1 t sugar
1 T olive oil
3/4 c. black lentils
3 c. water
1 bay leaf
1 t minced garlic
1 small onion
2 T olive oil
1 T balsamic vinegar
1 T lemon juice

Set beets in a baking dish. Mix carrots, sugar, and olive oil in another baking dish. Roast vegetables at 400F. The carrots will take about 30 minutes, and the beets should be fork tender in 60-90 minutes. Allow beets to cool, and then remove skin and slice into 1″ pieces.

Meanwhile, place lentils, water, bay leaf, garlic, and onion in a medium saucepan. Bring to a boil, and then simmer for 30 minutes, or until lentils are softened. Drain, and remove onion and bay leaf.

Mix lentils, beets, and carrots in a large bowl. Add oil, vinegar, and lemon juice. Toss to coat, and season with salt and pepper.

Spinach Orange Salad

I really hate to bring up a sore subject, but I was invited to a party to watch the Patriot’s game on Sunday. I know, we won’t talk about the game. Let’s stay focused on the food. All over Twitter, Boston area foodies were whipping up their best chili, wings, and potato skins. I decided to go against these trends and bring a spinach salad to the event. Not exactly “football food” but a good complement to the pizza which was being served. To make the salad a bit more exciting, I added orange sections and slivered almonds, and then tossed it in my quick and easy Honey Mustard dressing. And you know what, people liked it. In fact, there was another salad there that was also well received. The mood may have been somber, but the crowd was well fed.

Warm Mushroom Salad

In this wonderful salad recipe posted on Smitten Kitchen, Deb offers plenty of options. You can make the salad simple or fancy, you can mix up the ingredients based on season, and you can serve it as a first course or a main dish.

There are a lot of components to this salad, and I needed about 10 hands when trying to pull it together one night. In the end, I enjoyed it, but I would still suggest some shortcuts. The best part to me was the warm seasoned mushrooms on fresh greens.

Think of this like a salad bar, and you can take what you like, and leave the rest. We’ll all end up with salads that are creative and suit our personal tastes.

Salad greens were suggested in the original recipe, with the addition of fresh herbs if they were on hand. I used just fresh spinach, which I liked, and this helped to keep things simple.

There are so many different types of mushrooms, and I chose to use cremini for this recipe. In my mind, they’re one step fancier than white mushrooms without being too much more expensive. But plain button mushrooms would really be just fine. The mushrooms are sauteed in olive oil with shallots, and seasoned with thyme, salt, and pepper.

Roasted Hazelnuts
I roasted the hazelnuts, managed not to burn them, and then rubbed the skins off with a towel. Then I proceeded to clean up all the hazelnut skins around my kitchen. Next time, I’ll just use whatever nuts I already have around rather than making a special purchase.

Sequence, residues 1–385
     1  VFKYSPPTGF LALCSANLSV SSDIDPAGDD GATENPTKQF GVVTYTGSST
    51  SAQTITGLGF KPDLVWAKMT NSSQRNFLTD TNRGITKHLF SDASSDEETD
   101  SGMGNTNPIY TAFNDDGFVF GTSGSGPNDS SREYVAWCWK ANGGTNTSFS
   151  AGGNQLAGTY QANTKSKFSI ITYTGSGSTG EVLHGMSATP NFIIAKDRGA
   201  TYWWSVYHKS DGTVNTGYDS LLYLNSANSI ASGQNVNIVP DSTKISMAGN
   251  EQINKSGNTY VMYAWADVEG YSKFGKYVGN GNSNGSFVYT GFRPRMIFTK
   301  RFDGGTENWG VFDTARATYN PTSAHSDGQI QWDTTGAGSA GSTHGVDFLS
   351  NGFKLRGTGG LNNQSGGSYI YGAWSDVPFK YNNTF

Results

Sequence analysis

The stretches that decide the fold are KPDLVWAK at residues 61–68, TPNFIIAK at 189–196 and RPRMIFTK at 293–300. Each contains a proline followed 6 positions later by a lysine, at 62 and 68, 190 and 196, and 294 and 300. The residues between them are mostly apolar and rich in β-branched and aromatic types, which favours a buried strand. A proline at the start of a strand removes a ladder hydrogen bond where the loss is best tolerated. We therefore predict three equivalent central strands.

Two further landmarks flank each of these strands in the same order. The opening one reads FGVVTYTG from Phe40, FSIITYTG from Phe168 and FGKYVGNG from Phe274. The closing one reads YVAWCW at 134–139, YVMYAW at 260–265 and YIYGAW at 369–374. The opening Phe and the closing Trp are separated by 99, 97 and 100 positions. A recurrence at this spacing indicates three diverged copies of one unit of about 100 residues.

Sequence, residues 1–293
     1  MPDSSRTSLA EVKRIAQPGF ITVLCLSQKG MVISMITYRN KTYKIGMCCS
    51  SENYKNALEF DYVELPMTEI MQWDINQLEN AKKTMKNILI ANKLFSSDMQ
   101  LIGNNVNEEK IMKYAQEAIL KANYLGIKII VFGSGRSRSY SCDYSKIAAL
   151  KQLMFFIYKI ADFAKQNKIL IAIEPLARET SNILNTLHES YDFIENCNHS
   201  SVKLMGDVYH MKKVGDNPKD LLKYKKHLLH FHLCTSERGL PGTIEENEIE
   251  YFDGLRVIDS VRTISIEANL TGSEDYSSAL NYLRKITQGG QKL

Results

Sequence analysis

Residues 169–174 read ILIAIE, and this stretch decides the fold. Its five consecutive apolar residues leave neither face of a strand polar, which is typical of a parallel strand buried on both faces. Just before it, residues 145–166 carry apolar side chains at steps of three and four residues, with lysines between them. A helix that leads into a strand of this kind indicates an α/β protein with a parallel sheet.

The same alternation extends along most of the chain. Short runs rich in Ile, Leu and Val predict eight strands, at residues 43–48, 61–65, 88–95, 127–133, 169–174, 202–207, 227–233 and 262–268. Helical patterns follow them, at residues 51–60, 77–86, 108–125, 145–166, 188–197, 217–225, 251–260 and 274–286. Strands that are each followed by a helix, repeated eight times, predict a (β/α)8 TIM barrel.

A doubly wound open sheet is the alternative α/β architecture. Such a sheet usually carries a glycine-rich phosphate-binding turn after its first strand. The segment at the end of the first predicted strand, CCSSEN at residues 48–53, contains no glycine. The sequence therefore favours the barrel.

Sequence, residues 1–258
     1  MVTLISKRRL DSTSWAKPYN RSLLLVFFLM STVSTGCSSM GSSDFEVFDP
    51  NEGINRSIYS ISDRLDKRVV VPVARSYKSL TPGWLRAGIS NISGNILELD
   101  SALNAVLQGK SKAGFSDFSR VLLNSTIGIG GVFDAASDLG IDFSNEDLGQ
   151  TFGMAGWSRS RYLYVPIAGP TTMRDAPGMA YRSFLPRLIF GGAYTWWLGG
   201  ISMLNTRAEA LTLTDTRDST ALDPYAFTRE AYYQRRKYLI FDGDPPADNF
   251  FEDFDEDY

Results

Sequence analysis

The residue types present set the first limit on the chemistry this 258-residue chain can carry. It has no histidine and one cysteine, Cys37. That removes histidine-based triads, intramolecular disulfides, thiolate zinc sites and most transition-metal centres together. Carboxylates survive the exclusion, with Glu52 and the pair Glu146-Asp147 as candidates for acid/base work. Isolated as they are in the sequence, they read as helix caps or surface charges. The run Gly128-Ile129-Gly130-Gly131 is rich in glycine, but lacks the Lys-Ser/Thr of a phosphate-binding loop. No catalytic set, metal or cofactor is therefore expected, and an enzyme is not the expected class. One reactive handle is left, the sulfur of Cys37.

To make this a main dish, I added an egg. This was a good addition, but it did require another pan on the stove top and a watchful eye. It might be easier to add some cooked chicken, or perhaps some beans.

There were several fine cheeses suggested in the original recipe. I used the Parmesan I had on hand, and would do that again. But if I were serving this at a dinner party, I might try something different, because well, I do like to try new cheeses.

The dressing called for shallots soaked in vinegar, then whisked with oil, and then simmered briefly and seasoned to taste. The end result really wasn’t worth all that effort in my opinion. Next time, I’ll whip up a quick vinaigrette with whatever oil and vinegar happens to be my favorite at that time.

So hit the salad bar, and make your own creation!

Roasted Butternut Squash and Cranberries

No, I am not testing recipes for Thanksgiving side dishes, because the truth is that as much as I love to cook, the holiday isn’t at my house and I don’t do much (any) of the cooking. However, this weekend I was thinking about the cranberries in my refrigerator, and wondering if I could roast them. I had some butternut squash on hand too, so I decided to give this a try.

Please be warned – although roasting generally brings out sweetness, this dish is still quite tart. You might get a few ‘faces’ at the table if you serve this as a side dish, especially if they are expecting something similar to sweet cranberry sauce. So if you’re serving this on it’s own, I’d add another tablespoon of sugar.

I decided to toss the squash and cranberries over a spinach salad with white beans, with a balsamic vinaigrette. When all the flavors mixed together, it was just right. Not to mention, quite a pretty salad!

1 20 oz. package butternut squash, peeled and cut
2 c. cranberries, rinsed and drained
1 T canola oil
1 T brown sugar
1 t cinnamon

Toss all ingredients in a large bowl, and place in a 13″x9″ dish. Bake at 375 for 40-50 minutes, or until squash is softened, stirring occasionally.

Roasted Delicata Squash Salad

I’ve tried a few fun squash recipes this year, like this Sweet and Sour Kabocha. But there are still plenty of squash varieties I haven’t tried, and recently I picked up a delicata squash for the first time. It’s a fairly small squash, and the skin is edible which means no peeling.

The squash was fairly easy to cut, and then I scooped out the seeds and sliced it thinly. I roasted the slices in the oven with a little olive oil, salt, and pepper. OK, then I stopped to try it – yum! I could have just stood in the kitchen and eaten the whole pan, but I had a salad to make.
I placed some squash slices on a bed of baby spinach, and added some pumpkin seeds and ricotta salata, inspired by this recipe. I made a simple dressing of sauteed shallots, olive oil, and balsamic vinegar. This was one of the best salads I ate all year! The flavors all worked together well, and there was squash is almost every bite. I was even able to pack this for dinner one night, keeping the salad and dressing in separate containers until right before class.
It was so much fun to pick up a squash that was new to me, and create such a fabulous meal.